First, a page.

The odd-even car rationing scheme, introduced by Delhi's AAP government in the first fortnight of January this year to reduce pollution, is considered to be one of the most progressive public policy engagements by any state government in India. The scheme was launched with a massive awareness programme and was accepted, in general, wholeheartedly by the people of Delhi. The data collected by environmental agencies during the first phase of the experiment revealed that the pollution levels in the city were somewhat reduced and the vehicular congestion on roads had also eased. The spin doctors of the AAP government, of course, unleashed a publicity blitzkrieg congratulating the party as well as the citizens of Delhi.
With the odd-even scheme, parliamentary business can be done on alternate days, thus saving the high costs of maintaining legislative infrastructure.
However, expert analyses after Phase I of the scheme revealed that vehicular emissions from private cars are just the tip of the pollution iceberg in Delhi. The main contributors are commercial diesel vehicles, industrial pollutants, dust pollution at construction sites and smoke from burning garbage in the city. In addition, the odd-even scheme led to renewed focus on the inadequacies of the public transportation system in Delhi--not enough buses, frequent breakdowns, a Metro struggling to cope with surging demands, unscrupulous auto and taxi drivers, the pitiable state of connectivity in feeder routes.
The 15-day experiment was challenged in the Delhi High Court where the government promised to rectify the flaws and augment the public transport system in a systematic manner before deciding whether the odd-even scheme would be reintroduced in a phased on permanent basis. However, just as citizens recovered from the commuting hardships they had endured, the AAP government out of the blue announced that the odd-even scheme would again be introduced in the first fortnight of April 2016.
Phase II of the car rationing scheme (which is currently underway) ran into rough weather since its inception as it was done hurriedly without any groundwork. The Delhi government has failed to add a single bus under DTC, the list of exemptions has increased and the support of the people has decreased.
The government has done nothing to curb or regulate the main contributors to the pollution and it seems to be in a propaganda drive to earn brownie points. It thus becomes imperative to find out the logic of launching the car rationing system in Delhi within the paradigm of politics.
An odd-even day scheme of amnesty for those involved in corruption is the best way to curb pilferage from the state exchequer...
The AAP, which had its origins in the people's movement against corruption, was catapulted to power in Delhi in a short span after a landslide electoral victory. The party started its innings on the right note by subsidizing electricity and making water supply almost free. However, soon fissures within the party erupted in a public display of acrimony between the camps of Arvind Kejriwal and Yogendra Yadav and allegations that the Chief Minister did not follow his own publically declared principles of democracy and transparency within the party. Then followed a series of tussles with the Centre and the Lieutenant Governor, as well as a slew of scandals involving party leaders, including charges of domestic violence, inciting violence against foreigners, sexual harassment and using fake degrees.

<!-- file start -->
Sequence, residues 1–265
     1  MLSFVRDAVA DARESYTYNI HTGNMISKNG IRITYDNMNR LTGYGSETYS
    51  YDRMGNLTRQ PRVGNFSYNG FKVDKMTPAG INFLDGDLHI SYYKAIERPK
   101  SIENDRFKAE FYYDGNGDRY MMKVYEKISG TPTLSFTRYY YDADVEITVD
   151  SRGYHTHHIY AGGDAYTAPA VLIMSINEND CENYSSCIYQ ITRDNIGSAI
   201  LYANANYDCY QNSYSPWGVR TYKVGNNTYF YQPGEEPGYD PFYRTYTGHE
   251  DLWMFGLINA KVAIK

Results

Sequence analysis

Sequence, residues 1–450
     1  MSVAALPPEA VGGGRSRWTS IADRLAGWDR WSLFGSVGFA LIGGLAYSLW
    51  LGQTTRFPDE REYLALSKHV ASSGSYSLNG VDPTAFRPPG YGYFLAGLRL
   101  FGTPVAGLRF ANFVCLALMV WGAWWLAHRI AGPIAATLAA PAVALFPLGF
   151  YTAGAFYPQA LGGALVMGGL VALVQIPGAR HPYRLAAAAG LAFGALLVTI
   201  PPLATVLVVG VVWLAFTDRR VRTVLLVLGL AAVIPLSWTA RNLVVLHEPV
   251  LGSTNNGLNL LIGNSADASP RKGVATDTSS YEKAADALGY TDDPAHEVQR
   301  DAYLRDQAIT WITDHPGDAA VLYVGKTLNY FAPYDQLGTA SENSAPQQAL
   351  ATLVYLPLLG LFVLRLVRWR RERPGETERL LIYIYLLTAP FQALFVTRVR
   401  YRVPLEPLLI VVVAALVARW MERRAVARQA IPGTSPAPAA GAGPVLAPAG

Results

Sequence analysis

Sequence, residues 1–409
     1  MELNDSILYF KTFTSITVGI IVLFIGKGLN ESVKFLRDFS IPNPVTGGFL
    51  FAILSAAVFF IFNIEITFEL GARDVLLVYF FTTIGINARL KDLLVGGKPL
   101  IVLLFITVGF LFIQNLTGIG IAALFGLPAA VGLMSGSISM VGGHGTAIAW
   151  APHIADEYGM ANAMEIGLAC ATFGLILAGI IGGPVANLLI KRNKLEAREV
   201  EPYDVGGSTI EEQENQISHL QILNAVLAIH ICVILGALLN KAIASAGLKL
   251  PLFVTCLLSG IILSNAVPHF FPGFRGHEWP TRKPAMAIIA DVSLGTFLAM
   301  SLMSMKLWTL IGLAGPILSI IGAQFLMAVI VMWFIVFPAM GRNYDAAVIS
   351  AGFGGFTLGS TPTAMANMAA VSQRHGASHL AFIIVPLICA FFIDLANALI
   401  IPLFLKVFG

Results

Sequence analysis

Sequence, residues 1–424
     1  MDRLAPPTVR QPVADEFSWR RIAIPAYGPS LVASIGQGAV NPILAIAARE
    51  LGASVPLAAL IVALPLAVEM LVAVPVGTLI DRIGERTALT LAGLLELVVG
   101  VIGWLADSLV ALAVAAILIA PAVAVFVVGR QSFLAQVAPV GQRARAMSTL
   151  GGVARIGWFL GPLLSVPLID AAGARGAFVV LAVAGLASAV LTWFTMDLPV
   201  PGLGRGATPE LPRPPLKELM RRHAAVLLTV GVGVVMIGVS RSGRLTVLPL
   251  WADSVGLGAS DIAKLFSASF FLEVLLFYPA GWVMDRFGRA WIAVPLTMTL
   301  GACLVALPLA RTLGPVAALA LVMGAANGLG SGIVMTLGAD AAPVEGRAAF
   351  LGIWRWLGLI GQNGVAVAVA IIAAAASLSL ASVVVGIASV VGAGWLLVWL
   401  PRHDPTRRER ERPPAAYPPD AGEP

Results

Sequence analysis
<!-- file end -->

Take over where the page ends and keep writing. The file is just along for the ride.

At this juncture, the odd-even car rationing scheme provided AAP with the right propaganda tool to tide over the credibility crisis. The first phase of the odd-even rule may have arrested the declining reliability of AAP but whether it succeeded or failed will be tested in the municipal elections to be held on Delhi soon.
Now while the future of the odd-even formula to beat pollution and congestion in Delhi roads will be decided by judicial activism, the idea itself has several other applications that could go a long way in saving the money of India's long-suffering taxpayers.
To begin with, the odd-even scheme can be applied in the central and state legislatures, which in recent times have witnessed frequent disruptions in their proceedings. With this scheme in place, parliamentary business can be done on alternate days in every session, thus saving the high costs of maintaining legislative infrastructure.
The odd-even formula, if it catches the imagination of policymakers and is implemented judiciously, could be a quick fix solution for solving myriad problems...
Secondly, the central and state governments spend a huge amount of money from the public exchequer on publicity and propaganda of policies and schemes launched by them. This could be easily done on odd-even days or weeks. This will save a large amount of taxpayers' money which could be used in public welfare programmes instead. A side benefit to leaders would be that the public might be more kindly disposed towards them since they won't be fatigued by seeing their ministers beaming at them from newspapers day in and day out.
The odd-even formula could also be used in curbing corruption, a problem so deep-rooted that the fight against it looks like a losing battle. An odd-even day scheme of amnesty for those involved in corruption is the best way to curb pilferage from the state exchequer and would be a win-win situation for both the state and its corrupt citizens.
The idea could also be implemented in government offices, where employees could work on odd-even days. This would not only save office overheads but also lead to less fuel consumption and environmental pollution.
The odd-even formula, if it catches the imagination of policymakers and is implemented judiciously, could be a quick fix solution for solving the myriad problems in India.